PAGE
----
There is no scientific evidence on the Niacin and vinegar interaction. However, theoretical interactions are based on potential pH altering effects of vinegar. The degree to which it affects pH in the blood is, however, currently not established.
So, what happens when pH in the body is altered and how does this affect the interaction with the Vitamin B3 (Niacin)?
Water is considered neutral at a pH of 7. Anything below that is increasingly acidic, anything above and over that value is increasingly alkaline. The human body operates optimally at a pH that varies from 6.8 to 7.5, depending on the time of day: pH tends to peak at 6 o'clock in the evening, and at noon, with the lowest point coming at 6 o'clock in the morning. These readings represent homeostasis, or balance. This indicates that all the cells in the body are alkaline in nature. When the pH is operating within these normal parameters, cells can take up nutrients as and when needed, depending only on availability, and can discharge wastes efficiently.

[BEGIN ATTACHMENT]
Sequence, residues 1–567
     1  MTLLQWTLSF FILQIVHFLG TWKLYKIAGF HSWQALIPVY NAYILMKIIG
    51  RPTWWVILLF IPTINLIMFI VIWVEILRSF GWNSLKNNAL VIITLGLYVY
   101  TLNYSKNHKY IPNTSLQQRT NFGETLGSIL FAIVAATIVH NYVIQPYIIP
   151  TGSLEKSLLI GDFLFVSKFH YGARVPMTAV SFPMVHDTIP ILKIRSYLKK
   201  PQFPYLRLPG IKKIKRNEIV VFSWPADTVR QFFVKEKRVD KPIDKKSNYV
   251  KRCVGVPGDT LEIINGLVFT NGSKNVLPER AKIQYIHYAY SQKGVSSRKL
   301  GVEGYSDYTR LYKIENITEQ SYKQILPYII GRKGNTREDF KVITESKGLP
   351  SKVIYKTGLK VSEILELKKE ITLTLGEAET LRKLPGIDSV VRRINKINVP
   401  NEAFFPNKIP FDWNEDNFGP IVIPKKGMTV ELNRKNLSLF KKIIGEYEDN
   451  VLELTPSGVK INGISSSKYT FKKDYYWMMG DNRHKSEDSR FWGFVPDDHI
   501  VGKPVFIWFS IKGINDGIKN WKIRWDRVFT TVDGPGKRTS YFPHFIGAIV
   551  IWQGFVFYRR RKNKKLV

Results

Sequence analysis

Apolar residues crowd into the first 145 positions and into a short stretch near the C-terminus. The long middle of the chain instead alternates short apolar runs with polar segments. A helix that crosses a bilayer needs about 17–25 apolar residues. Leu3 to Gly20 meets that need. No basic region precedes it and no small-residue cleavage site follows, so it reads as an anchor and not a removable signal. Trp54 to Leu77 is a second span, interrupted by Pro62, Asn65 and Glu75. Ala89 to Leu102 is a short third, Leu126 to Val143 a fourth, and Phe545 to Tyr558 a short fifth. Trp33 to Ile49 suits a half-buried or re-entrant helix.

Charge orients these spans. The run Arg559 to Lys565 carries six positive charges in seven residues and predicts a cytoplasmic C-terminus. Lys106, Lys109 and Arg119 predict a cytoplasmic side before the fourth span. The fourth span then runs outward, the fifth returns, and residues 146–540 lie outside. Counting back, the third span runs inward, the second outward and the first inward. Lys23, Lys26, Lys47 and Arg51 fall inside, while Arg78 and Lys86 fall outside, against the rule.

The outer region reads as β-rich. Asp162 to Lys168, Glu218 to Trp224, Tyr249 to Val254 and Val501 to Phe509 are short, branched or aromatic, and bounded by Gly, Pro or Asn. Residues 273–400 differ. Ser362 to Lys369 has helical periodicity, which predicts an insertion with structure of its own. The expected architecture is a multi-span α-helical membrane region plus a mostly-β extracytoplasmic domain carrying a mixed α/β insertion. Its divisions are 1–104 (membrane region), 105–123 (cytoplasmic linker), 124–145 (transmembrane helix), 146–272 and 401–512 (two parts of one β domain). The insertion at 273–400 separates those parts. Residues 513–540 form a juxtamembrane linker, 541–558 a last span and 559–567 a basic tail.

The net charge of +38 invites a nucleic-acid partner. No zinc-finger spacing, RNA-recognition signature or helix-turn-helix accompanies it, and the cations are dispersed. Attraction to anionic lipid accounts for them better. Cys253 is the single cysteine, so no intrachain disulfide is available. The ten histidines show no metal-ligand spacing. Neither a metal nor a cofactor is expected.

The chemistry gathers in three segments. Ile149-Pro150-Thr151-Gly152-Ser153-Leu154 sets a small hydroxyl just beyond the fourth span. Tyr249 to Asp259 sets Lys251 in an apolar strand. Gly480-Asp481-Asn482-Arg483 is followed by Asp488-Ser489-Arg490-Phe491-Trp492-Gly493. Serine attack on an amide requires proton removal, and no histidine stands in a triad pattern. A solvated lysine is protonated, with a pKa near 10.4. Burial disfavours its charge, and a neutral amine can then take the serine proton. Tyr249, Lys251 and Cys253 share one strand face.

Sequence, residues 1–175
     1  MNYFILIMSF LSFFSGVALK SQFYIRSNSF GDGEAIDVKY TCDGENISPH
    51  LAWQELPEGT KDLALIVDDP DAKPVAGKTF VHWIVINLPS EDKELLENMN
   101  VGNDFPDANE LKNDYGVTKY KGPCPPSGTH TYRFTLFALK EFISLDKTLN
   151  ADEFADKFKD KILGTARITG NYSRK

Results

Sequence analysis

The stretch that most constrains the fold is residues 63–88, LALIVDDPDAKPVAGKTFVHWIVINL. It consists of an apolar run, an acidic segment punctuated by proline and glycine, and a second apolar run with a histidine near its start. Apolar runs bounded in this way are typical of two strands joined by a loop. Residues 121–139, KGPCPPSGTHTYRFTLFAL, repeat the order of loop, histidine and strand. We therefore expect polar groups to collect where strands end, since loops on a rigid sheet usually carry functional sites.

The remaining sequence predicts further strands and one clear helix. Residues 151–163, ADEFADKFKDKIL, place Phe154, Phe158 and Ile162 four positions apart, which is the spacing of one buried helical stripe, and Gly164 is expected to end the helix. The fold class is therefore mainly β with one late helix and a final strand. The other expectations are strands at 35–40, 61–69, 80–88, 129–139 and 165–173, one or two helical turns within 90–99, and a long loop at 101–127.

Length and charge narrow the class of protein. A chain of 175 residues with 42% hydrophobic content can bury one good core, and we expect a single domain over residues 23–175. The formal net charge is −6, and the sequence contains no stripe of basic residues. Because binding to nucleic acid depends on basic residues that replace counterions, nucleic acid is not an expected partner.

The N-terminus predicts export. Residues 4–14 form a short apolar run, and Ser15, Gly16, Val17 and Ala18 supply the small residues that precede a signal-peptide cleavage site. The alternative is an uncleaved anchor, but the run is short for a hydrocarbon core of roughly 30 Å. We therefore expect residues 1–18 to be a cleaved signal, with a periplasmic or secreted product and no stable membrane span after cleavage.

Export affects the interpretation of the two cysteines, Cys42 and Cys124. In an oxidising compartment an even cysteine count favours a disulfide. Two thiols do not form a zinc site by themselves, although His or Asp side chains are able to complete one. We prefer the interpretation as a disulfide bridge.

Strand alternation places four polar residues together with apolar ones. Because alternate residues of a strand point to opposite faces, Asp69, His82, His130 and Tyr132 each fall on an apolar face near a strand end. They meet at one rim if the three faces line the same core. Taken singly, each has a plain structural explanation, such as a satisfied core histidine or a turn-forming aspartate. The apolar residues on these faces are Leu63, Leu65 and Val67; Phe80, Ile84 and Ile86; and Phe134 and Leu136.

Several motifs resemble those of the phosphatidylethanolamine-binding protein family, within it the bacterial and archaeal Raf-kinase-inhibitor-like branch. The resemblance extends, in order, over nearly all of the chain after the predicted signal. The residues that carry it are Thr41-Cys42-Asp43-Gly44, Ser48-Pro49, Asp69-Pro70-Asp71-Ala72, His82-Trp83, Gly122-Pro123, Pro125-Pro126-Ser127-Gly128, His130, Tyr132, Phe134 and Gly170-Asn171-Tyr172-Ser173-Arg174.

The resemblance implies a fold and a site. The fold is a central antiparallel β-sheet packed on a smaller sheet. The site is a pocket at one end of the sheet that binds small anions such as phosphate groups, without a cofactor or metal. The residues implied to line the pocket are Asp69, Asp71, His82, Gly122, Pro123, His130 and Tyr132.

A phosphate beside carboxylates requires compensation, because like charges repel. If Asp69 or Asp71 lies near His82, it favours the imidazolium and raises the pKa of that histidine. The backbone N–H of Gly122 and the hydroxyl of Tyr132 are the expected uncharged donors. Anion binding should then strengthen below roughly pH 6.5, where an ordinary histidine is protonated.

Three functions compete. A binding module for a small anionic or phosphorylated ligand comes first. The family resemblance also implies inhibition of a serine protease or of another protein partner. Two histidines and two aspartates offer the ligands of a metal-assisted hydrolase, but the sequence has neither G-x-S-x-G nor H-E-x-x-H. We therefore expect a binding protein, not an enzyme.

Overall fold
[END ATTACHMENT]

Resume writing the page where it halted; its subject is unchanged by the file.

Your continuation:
However, when vinegar enters our body, it creates a slightly acidic environment. That is, it promotes an acid state in our body fluids. Under this condition, absorption of nutrients, especially those which are dependant on the pH balance for their absorption, is affected. Vitamin B3 and calcium are examples of these nutrients. Since Vitamin B3 is not effectively absorbed by the body, the immune system function is hampered leading to infections. In addition to this, a host of other problems arise due to the acidic nature of the cells coupled with lack of absorption of Vitamin B3. However, these are all theoretical assumptions and not based on any scientific evidences.
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